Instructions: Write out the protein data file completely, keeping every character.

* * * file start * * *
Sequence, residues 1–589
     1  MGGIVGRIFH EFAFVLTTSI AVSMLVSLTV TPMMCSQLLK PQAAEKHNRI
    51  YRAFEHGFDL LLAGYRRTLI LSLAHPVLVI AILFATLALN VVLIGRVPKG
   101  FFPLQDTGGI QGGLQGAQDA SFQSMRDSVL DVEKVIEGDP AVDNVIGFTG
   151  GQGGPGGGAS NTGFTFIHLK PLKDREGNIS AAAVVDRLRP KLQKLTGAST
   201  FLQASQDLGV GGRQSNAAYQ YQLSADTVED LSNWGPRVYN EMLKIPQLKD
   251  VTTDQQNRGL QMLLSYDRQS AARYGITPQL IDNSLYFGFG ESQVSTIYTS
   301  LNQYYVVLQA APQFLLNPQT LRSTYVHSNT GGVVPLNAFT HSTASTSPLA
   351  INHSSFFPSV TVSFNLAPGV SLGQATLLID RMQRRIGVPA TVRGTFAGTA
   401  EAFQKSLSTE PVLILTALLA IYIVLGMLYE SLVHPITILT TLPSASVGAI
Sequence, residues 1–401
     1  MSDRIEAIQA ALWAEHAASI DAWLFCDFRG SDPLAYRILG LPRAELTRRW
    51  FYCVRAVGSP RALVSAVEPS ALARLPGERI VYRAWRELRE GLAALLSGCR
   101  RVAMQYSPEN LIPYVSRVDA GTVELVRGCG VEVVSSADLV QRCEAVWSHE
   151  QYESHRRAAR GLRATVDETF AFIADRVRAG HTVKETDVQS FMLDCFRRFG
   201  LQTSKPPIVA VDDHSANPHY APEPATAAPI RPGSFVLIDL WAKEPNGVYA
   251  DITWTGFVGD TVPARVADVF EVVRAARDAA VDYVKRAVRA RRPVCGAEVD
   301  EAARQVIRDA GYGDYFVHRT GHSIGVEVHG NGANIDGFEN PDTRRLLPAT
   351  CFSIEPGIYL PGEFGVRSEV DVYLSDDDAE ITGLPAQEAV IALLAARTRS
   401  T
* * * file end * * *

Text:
Sequence, residues 1–589
     1  MGGIVGRIFH EFAFVLTTSI AVSMLVSLTV TPMMCSQLLK PQAAEKHNRI
    51  YRAFEHGFDL LLAGYRRTLI LSLAHPVLVI AILFATLALN VVLIGRVPKG
   101  FFPLQDTGGI QGGLQGAQDA SFQSMRDSVL DVEKVIEGDP AVDNVIGFTG
   151  GQGGPGGGAS NTGFTFIHLK PLKDREGNIS AAAVVDRLRP KLQKLTGAST
   201  FLQASQDLGV GGRQSNAAYQ YQLSADTVED LSNWGPRVYN EMLKIPQLKD
   251  VTTDQQNRGL QMLLSYDRQS AARYGITPQL IDNSLYFGFG ESQVSTIYTS
   301  LNQYYVVLQA APQFLLNPQT LRSTYVHSNT GGVVPLNAFT HSTASTSPLA
   351  INHSSFFPSV TVSFNLAPGV SLGQATLLID RMQRRIGVPA TVRGTFAGTA
   401  EAFQKSLSTE PVLILTALLA IYIVLGMLYE SLVHPITILT TLPSASVGAI
Sequence, residues 1–401
     1  MSDRIEAIQA ALWAEHAASI DAWLFCDFRG SDPLAYRILG LPRAELTRRW
    51  FYCVRAVGSP RALVSAVEPS ALARLPGERI VYRAWRELRE GLAALLSGCR
   101  RVAMQYSPEN LIPYVSRVDA GTVELVRGCG VEVVSSADLV QRCEAVWSHE
   151  QYESHRRAAR GLRATVDETF AFIADRVRAG HTVKETDVQS FMLDCFRRFG
   201  LQTSKPPIVA VDDHSANPHY APEPATAAPI RPGSFVLIDL WAKEPNGVYA
   251  DITWTGFVGD TVPARVADVF EVVRAARDAA VDYVKRAVRA RRPVCGAEVD
   301  EAARQVIRDA GYGDYFVHRT GHSIGVEVHG NGANIDGFEN PDTRRLLPAT
   351  CFSIEPGIYL PGEFGVRSEV DVYLSDDDAE ITGLPAQEAV IALLAARTRS
   401  T